Home News 1.2-metre Nile monitor lizard rescued from Westville pool

1.2-metre Nile monitor lizard rescued from Westville pool

Durban – In a bid to cool off as temperatures peaked around 31°C on Friday, a Nile monitor lizard took a dip in a swimming pool at a Westville North home much to the surprise of the resident.

Snake catcher Nick Evans said the resident contacted him for assistance but by the time he arrived at the property, the lizard had disappeared.

“They are usually able to get out, so I assumed that’s what it had done. But the 1.2-metre-long lizard took cover in the small weir area. Looked quite funny seeing this large lizard peeping back at me through the holes of the plastic cover!”

Evans said he had expected the lizard to come flying out to escape when he removed the cover, however it showed little reaction and he grabbed it behind its head.

“It was healthy, and fine the next day. It was blind in one eye, which I’ve never seen before. It also had a number of scars on the tail, perhaps from a dog. It’s lived a hard life.”

Evans said a friend studying Nile/water monitors came to collect data from the lizard and released it for him.

“Monitor lizards are still relatively common in parts of Durban, particularly along rivers and streams. Sadly, many are killed by dogs, on roads, or hunted by people for food or traditional medicine.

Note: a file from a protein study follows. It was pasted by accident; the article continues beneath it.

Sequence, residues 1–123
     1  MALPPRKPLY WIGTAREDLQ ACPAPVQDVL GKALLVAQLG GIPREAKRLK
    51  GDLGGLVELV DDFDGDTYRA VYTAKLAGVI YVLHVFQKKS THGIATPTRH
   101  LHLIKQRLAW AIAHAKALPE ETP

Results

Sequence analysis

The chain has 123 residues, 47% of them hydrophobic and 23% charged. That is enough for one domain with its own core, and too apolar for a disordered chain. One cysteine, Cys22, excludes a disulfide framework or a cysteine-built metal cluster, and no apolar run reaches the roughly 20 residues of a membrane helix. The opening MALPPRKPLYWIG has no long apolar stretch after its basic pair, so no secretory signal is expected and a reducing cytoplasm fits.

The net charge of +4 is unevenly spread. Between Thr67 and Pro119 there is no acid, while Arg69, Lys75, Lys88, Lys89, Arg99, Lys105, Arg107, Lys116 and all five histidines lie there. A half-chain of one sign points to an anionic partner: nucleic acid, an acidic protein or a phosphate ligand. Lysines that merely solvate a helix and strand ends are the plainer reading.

“This is a protected species. It is illegal to kill, keep or sell this species,” he said.

“If you see this reptile in your garden, don’t panic, it’s not Godzilla. It won’t attack your family. They’re after smaller things, such as crabs, rodents, snakes, anything they can overpower.”

Evans appealed to the public to keep dogs away from Nile monitor lizards.

“I’ve never seen an injury on a dog from one of these lizards, but I’ve seen plenty of monitors killed by dogs. You can leave it to move off, or call someone to remove and relocate it.”

1.2-metre Nile monitor lizard rescued from a Westville pool. Picture: Nick Evans

Last month a Nile monitor lizard in Westville lunged at Evans’s face as he grabbed its tail.

“It had run through two or three properties, being chased by dogs, before climbing up a tree. Luckily it had been chopped down a little while ago, so it wasn’t high.”

Evans said he placed a ladder against the tree.

“All I could reach was the tail. I knew how it would go … I grabbed the tail, and the large lizard leapt off the tree to get away, but when it realised it couldn’t, it lunged at me. Obviously being in the position I was in, it was close to my face, and very nearly got me. I just saw a flash of its open mouth swing past. Then it latched on to my shirt.”

Wearing welding gloves, which go up to the elbows, Evans managed to get the lizard off his shirt.

“Can’t blame it for being grumpy. It had been chased by dogs, and now a human had it by the tail. That must have been terrifying for it!”

A monitor lizard hiding in a tree after being chased by dogs in Westville North. Picture: Supplied

THE MERCURY